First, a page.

Arguably, Mayor Adrian Perkins' plan to hit the ground running as Mayor hasn't gone as smoothly as he probably would have hoped. His first 40+ days in office have be bogged down by controversy; some imaginary (i.e. his SWAT team of personal security) and some real (this whole insurance debacle). But, today, we have to give the Mayor his due because he is following through on something he ran on that will help our city in the long run.

Yesterday, the Mayor's Chief Technology Officer Keith Hanson announced the city's first "Smart City Analysis" workshop. Now there's a lot of debate over whether or not Shreveport needs to be a 'smart city'...because most people don't understand what it means. Which I get. It's a relatively new buzz word and there are a lot of different components to it. But I'm going to break down for you why this is a good thing and why it will help the city grow in a much needed way.

CTO Hanson joined us this morning to discuss why this process is important, how it will work and everything in between. You can watch the video below:

For years, people have been complaining about the lack of manufacturing jobs in the area. Basically, that there's no decent paying, blue collar jobs for the citizens of Shreveport. The sad truth is that those jobs don't really exist any more...at least not in the traditional sense. Companies no longer employ a dozen guys on an assembly line. But, what they do is have is guys and gals running robots, who now do the job of twenty men. So, what you need is a work force of at least semi-tech savvy individuals. That's where the mayor's new initiative comes in. Plus if you look at Shreveport-Bossier over the past 20 years, there have been a ton of information technology companies moving to town...not so many manufacturing plants and warehouses. The world has changed.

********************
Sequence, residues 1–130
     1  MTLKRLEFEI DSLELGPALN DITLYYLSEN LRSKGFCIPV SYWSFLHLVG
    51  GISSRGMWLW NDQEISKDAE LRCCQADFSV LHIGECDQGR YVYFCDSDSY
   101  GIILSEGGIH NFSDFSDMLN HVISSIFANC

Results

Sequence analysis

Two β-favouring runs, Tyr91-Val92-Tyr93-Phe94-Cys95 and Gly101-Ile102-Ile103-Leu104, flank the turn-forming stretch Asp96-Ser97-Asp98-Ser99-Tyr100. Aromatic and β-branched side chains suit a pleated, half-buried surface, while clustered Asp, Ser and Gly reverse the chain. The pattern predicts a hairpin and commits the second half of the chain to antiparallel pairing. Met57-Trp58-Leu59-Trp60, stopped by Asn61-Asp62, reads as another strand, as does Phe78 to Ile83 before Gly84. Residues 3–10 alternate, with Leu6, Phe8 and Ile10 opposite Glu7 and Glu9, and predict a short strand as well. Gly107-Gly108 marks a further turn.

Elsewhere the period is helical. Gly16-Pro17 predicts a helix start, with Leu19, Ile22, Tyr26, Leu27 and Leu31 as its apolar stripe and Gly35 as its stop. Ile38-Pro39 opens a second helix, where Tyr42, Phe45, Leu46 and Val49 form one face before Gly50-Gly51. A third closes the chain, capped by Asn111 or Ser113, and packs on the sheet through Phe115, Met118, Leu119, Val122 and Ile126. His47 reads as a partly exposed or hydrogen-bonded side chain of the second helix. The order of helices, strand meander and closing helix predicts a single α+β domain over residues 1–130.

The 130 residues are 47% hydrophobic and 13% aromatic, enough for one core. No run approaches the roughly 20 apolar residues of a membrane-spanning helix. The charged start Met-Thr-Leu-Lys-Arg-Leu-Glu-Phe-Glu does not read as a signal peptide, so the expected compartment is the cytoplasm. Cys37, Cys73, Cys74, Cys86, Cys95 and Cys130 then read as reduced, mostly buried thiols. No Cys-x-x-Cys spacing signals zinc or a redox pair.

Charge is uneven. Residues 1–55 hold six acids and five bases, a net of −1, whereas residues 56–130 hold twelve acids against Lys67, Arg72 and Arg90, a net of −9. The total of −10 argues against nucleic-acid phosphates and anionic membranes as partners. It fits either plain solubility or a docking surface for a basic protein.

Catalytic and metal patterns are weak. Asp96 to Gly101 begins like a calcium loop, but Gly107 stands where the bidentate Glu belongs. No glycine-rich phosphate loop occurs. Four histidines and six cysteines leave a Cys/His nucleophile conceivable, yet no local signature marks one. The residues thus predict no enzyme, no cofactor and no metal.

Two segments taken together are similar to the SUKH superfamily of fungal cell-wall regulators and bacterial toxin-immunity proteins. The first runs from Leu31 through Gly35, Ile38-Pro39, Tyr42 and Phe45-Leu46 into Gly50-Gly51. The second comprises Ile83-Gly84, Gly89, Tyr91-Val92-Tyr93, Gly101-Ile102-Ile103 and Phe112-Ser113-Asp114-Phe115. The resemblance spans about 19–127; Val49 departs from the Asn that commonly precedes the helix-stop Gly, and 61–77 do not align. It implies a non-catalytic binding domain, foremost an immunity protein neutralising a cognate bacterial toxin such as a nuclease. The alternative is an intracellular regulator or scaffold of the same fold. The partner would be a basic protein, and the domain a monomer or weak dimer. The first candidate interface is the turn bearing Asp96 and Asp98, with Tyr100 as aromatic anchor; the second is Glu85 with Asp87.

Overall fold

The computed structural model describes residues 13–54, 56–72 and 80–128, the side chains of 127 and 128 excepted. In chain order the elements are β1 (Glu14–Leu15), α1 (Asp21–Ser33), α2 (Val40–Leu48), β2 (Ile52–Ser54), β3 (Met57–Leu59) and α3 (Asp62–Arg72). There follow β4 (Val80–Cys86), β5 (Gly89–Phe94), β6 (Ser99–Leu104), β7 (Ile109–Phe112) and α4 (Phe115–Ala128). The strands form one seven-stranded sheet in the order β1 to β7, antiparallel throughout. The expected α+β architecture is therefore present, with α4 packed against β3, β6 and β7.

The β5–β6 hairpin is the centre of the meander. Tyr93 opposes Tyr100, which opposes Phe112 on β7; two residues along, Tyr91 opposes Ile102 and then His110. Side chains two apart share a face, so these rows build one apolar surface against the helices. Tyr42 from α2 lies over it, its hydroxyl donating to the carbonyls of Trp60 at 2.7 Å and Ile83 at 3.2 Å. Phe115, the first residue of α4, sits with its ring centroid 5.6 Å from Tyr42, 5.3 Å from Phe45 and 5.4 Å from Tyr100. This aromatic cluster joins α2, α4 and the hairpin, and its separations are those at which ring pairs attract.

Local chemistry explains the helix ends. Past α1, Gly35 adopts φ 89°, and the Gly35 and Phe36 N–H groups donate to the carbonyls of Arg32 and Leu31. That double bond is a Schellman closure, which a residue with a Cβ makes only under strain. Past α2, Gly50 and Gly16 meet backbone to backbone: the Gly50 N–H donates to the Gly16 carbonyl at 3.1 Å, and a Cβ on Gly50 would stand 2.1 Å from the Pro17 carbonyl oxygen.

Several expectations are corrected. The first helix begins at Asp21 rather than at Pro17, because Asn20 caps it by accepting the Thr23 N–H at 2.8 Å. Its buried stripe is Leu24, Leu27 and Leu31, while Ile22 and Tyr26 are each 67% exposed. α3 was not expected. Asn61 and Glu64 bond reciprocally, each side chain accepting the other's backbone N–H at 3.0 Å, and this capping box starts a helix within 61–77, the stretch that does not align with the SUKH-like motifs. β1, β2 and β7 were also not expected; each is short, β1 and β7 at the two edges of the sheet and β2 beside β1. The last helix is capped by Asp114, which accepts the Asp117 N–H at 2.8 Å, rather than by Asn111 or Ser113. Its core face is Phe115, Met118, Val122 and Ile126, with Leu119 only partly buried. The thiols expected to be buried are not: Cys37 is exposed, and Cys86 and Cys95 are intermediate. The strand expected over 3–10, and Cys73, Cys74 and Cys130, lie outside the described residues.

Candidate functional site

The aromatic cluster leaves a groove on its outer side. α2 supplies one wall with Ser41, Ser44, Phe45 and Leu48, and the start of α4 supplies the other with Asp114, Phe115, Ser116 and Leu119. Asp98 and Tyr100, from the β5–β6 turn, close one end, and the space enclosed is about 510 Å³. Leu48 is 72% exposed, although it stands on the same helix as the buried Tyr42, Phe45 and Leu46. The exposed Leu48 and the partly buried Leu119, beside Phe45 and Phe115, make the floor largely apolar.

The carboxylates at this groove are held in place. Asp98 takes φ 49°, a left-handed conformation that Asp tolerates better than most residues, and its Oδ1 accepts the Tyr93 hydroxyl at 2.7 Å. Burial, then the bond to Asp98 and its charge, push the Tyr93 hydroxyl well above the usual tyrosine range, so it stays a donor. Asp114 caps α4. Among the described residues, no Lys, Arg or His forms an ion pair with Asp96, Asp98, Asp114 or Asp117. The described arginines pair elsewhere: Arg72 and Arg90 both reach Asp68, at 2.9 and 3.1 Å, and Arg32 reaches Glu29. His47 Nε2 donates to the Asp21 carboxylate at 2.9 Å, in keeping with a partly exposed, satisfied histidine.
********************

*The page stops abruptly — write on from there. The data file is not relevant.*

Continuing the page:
The first Smart City Analysis workshop consists of companies in Northwest Louisiana who will be talking about what they need out of employees. These companies will basically layout all the base-level skills they need to fill their entry-level jobs. The mayor's office will then devise a plan to train and educate the citizenry so they have the skills to actually perform those tasks. If we have a capable workforce, more companies may look at Shreveport as a place they can call home.

The mayor's plan isn't going to change the landscape of the city overnight. To be honest, Adrian may be out of office before the effects of this plan come to fruition. But, if we want to be competitive with other cities for companies, this is a HUGE first step. The world is changing, whether we like it or not, so its about time that we change with it.